The hot topic here is catalytic converters. The converter is the big ticket item in the exhaust system. Every vehicle sold in the U.S. since 1975 has one or more converters in its exhaust systems, and every vehicle since 1996 is equipped with a special “OBD” certified converter that reduces pollution even more.
Original equipment converters are supposed to last upward of 150,000 miles or more, but may fail sooner for a number of reasons. Catalyst contamination is a biggie, and the reason for that is that the engine may be burning oil. Oil contains zinc and phosphorus wear additives (called ZDDP), which can foul the catalyst.
That’s why the level of ZDDP has been drastically reduced in newer motor oils. Converters also can be damaged by severe overheating, which is often the result of ignition misfiring or a leaky exhaust valve.
Most motorists don’t know their converter has reached the end of the road until their vehicle fails an emissions test. A Check Engine light with a P0420 or P0430 fault code (catalyst efficiency fault) is usually a sure indication the converter needs to be replaced.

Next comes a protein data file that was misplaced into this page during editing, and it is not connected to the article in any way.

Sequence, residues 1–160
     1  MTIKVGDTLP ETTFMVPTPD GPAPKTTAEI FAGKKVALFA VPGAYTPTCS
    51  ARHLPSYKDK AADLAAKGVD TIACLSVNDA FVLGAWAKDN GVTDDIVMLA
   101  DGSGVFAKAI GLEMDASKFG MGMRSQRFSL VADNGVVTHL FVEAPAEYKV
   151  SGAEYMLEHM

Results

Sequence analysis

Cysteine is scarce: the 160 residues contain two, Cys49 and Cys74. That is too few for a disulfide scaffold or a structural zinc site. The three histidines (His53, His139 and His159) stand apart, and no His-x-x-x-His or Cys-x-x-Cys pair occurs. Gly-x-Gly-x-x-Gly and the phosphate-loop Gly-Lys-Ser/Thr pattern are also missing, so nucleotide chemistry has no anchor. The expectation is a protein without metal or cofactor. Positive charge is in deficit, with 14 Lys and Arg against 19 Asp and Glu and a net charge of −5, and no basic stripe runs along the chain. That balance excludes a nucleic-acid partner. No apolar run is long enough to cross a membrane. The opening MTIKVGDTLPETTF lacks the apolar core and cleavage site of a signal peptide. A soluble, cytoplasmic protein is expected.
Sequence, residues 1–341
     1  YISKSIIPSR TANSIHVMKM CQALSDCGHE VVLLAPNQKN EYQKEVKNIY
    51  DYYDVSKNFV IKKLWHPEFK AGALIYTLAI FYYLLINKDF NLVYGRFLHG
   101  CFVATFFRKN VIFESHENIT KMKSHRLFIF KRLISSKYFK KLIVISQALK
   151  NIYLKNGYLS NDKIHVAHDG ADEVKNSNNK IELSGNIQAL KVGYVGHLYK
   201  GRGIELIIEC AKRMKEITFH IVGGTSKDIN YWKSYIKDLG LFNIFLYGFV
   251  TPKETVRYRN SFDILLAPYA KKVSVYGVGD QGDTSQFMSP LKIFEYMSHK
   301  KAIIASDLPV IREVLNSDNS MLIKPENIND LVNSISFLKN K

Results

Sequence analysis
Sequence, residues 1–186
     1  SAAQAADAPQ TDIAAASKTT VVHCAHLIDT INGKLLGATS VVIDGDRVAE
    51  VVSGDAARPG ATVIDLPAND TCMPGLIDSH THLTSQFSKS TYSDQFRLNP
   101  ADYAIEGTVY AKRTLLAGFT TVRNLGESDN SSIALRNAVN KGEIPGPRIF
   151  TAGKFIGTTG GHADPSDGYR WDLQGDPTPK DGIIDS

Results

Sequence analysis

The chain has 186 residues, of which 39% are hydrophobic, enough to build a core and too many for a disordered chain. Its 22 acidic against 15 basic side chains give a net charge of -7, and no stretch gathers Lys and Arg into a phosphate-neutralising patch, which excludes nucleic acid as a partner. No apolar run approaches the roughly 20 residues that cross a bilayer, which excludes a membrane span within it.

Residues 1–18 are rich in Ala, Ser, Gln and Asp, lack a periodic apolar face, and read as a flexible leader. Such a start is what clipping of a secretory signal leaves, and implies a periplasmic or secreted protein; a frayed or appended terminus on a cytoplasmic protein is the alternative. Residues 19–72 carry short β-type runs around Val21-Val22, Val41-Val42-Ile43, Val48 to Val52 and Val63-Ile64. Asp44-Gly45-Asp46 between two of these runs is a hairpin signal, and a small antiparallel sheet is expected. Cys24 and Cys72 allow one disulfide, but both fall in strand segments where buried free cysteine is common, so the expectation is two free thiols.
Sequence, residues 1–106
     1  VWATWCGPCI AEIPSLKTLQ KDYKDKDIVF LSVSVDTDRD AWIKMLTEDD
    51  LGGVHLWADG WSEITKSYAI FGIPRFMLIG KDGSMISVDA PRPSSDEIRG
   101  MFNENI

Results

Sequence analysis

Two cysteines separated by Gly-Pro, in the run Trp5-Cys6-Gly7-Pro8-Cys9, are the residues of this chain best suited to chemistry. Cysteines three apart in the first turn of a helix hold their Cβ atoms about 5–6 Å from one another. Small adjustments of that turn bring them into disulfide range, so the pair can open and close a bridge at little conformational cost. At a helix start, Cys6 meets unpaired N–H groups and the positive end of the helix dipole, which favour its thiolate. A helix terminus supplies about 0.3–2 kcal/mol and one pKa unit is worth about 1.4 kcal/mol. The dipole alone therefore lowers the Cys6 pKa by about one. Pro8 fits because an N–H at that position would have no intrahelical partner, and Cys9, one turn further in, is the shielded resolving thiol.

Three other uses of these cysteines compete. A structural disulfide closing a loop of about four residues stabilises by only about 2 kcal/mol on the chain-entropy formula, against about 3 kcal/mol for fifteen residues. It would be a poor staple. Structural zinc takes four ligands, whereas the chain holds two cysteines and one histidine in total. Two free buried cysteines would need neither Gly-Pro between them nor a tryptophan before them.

New original equipment converters are covered by an 8-year/80,000-mile federal emissions warranty, or up to 15 years/150,000 miles on some California hybrid vehicles. Once a converter is out of warranty, it can be replaced with an aftermarket converter. The replacement must be the same type as the original, and OBD compliant if it is for a 1996 or newer vehicle. Aftermarket converters have a 2-year/24,000-mile warranty.
California also has its own special requirements and rules for catalytic converters. For vehicles registered within the state of California, a replacement converter must be CA-certified with an C.A.R.B number stamped on the converter shell. For CA vehicles that are outside of California, a 49-state OBD II converter is an acceptable replacement.
For older high-mileage vehicles that may have problems meeting emissions, some aftermarket replacement converters are available with catalysts that contain a special blend of metals or an extra thick layer of metals so the converter can safely handle higher levels of pollutants. This can help keep the Check Engine light off so the vehicle will meet emissions for a longer period of time.
Related items a customer may need when replacing a converter include clamps and gaskets, possibly new pipe hangers, the adjoining pipes (head pipe and exhaust pipe), a new “downstream” oxygen sensor (which monitors the operation of the catalyst) and replacement heat shields if the original shields are rusted, damaged or missing.